Country Living
Country Living, Country Skills
Country People - A Country Living Resource and Community
Message Board
Country Topics
Trading Post
Memory Lane
Country Skills
Country Cooking

The Kitchen

Photo Gallery
Vintage Photos
Special Collections

Country Humor
Country Sounds
Coloring Book
Interactive Story

Farm Tractors
Tractor Parts
Tractor Manuals

Classic Trucks
Antique Tractors
Modern Tractors
Site Map
Links Page
Contact Us

Country Discussion Topics
To add your comments to this topic, click on one of the 'Reply' links below.

Question about porch
[Return to Topics]

Hello deadcarp-    Posted 02-01-2004 at 05:53:39       [Reply]  [No Email]
I saw that you posted the temperature difference in your glassed in porch. 30 degree difference between the enclosure and the outside temp.? Does the porch have a cement deck by any chance?

This stairwell enclosure I'm working on has a canvas paint drop covering the south wall. The north wall just has a 3/4" plywood skin so far.
It is getting about 30 degrees difference. Must be some decent heat transfer through the tarp.

Did you insulate the outside of the exterior wall of your house when you enclosed the porch?

deadcarp    Posted 02-01-2004 at 08:22:13       [Reply]  [No Email]
truth is i don't have the walls really done yet - still have 1 with split logs over tarpaper. then it has a cement slab floor, sits up a couple feet and banked snow but no insulation outside that yet. i'm insulating the walls but no foam sheets or anything over the framing. when it's done a cross section will have split logs, tarpaper, insulation/framing, tytvek and barn boards. there's no real drafts or leaks to speak of, little one around the cat door, but the walls are about half glass and boy that sucks heat. i gotta improve those windows.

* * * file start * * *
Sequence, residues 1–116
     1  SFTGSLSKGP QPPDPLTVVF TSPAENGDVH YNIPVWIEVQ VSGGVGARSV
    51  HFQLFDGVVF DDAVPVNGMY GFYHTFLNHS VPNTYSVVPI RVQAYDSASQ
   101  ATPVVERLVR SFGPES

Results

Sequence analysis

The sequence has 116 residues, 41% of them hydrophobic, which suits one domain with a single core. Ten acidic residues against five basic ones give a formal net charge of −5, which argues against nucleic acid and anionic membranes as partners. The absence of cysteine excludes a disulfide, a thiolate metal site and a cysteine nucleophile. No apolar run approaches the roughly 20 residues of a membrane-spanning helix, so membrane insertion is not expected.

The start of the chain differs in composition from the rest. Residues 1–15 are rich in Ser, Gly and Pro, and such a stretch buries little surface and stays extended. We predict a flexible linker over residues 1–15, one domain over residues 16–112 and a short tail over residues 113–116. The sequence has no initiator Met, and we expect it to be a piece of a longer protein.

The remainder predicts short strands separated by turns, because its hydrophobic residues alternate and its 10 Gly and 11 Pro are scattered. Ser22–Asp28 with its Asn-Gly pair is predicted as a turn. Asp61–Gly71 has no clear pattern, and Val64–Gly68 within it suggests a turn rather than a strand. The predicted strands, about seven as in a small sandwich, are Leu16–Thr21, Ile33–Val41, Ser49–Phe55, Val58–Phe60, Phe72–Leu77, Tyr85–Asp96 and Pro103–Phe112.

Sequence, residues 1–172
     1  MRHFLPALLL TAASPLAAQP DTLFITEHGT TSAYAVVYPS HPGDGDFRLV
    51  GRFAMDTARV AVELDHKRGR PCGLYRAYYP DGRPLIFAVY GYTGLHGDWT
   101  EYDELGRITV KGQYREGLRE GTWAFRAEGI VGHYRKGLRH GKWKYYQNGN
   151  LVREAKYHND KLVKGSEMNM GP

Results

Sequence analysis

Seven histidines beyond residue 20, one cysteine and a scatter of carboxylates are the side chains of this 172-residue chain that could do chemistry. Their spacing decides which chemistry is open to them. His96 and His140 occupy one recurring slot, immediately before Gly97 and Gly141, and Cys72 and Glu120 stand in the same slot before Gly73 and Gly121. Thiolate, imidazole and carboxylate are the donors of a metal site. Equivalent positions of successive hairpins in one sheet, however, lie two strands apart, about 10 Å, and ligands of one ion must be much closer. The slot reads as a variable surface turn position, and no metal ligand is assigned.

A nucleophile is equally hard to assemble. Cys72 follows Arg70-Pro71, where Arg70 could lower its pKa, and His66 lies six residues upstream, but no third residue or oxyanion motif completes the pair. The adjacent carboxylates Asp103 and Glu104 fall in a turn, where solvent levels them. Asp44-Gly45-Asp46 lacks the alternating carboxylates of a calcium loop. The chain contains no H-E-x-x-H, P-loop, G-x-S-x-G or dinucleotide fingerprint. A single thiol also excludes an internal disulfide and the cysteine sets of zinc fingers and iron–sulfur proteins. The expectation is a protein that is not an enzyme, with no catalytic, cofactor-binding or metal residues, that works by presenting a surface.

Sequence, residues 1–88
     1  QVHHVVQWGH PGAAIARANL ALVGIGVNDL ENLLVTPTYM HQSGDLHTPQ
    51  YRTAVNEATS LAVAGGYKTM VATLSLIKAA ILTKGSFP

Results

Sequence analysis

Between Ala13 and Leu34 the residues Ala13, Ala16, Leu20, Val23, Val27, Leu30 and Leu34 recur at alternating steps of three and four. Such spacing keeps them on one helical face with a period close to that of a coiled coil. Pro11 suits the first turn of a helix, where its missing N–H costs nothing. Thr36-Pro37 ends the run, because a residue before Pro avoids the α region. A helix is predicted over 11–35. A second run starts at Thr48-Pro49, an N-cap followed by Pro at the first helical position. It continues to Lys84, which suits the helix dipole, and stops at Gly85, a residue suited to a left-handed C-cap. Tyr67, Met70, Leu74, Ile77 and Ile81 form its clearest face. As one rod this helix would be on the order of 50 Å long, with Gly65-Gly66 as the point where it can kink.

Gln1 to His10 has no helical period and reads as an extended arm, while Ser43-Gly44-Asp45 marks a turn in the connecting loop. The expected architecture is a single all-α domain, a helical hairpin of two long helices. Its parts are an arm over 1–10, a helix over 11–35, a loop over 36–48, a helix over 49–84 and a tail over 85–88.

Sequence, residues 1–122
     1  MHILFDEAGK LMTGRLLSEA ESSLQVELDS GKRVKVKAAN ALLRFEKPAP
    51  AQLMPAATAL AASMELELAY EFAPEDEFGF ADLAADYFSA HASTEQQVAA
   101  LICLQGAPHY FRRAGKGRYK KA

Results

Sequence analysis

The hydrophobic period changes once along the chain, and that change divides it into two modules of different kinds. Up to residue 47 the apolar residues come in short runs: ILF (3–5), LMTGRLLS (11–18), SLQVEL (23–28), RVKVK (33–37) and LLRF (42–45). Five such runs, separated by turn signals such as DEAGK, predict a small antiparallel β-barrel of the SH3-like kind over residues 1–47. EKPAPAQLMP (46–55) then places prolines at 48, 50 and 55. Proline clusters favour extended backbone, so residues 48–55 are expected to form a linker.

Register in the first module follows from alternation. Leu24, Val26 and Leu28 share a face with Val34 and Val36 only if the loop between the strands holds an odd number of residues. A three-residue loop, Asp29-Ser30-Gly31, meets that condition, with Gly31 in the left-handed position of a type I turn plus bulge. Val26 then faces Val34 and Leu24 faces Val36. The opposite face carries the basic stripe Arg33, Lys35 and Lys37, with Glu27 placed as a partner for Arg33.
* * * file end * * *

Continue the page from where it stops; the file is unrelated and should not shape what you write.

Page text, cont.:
you know when you think about it, tarp is a pretty good stabilizer for heat transfer - think about tents, fish-houses, greenhouses. actually pole barns absorb sunlight real nice but kinda lack thermal mass to store it. i've been thinking about doing a little wall test by making a couple of matching foam boxes (little rooms) use one for a standard and one for tests, set both up with inside thermometers and just set them out by each other and see for myself what happens to the sunlight and heat. might test a solid box against small single glass window (plexiglass probably), single glass with a plastic liner, double glass, reshape the thing for a glass wall, add cement blocks inside etc. maybe i'll try some tarp on the sunny side - good idea. :) i'm sure schools and labs have tested such things to death but not in my yard where i could watch them.

cross section QT    Posted 02-01-2004 at 10:31:19       [Reply]  [No Email]
Did you plan to use a 'trapped air' pocket in your cross section? It has been my understanding that trapped air is the best insulation you can utilize. Been hearing that as long as I've been in the trades. Never had the oppurtunity to try it myself until now. The pocket I'm going to use is 2" deep. Sealed in polyurethane siding caulk. Then 2" of foil covered foam. I don't know how well it will work. It will be the North wall only, and directly above the stairwell block wall. The East side is the door side. The South is the window side. This is a small space, but it should get enough heat to allow the lower door to stay open. The basement stays around 62 degrees nearly all winter. Our winters here in Virgina are nothing like yours up in Minnesota, although it has been sort of cold here lately.

BOSS    Posted 02-01-2004 at 12:18:03       [Reply]  [No Email]
Dead air is warm air. Don't let that air vent anywhere, or it will be cold air.

deadcarp    Posted 02-01-2004 at 11:15:13       [Reply]  [No Email]
well the whole idea of insulation is to trap air but then the air has to be kept from drifting around or it carries heat again. for example you take a thermos bottle vacuum tube and it insulates alright because there's precious few air molecules in that vacuum. if you packed that vacuum tube with say glass wool, it would insulate even better. if you used squirt foam it would be better yet. similarly bubble wrap traps air in little pockets but each pocket still circulates and moves heat from one surface to the other. foam has tinier air pockets yet so the heat has to cross several of them to get thru. yup trap air, yup seal out any drafts, but i'd also install something fluffy in the compartment. :)

[Return to Topics]

[Home] [Search]

Copyright © 1999-2013
All Rights Reserved
A Country Living Resource and Community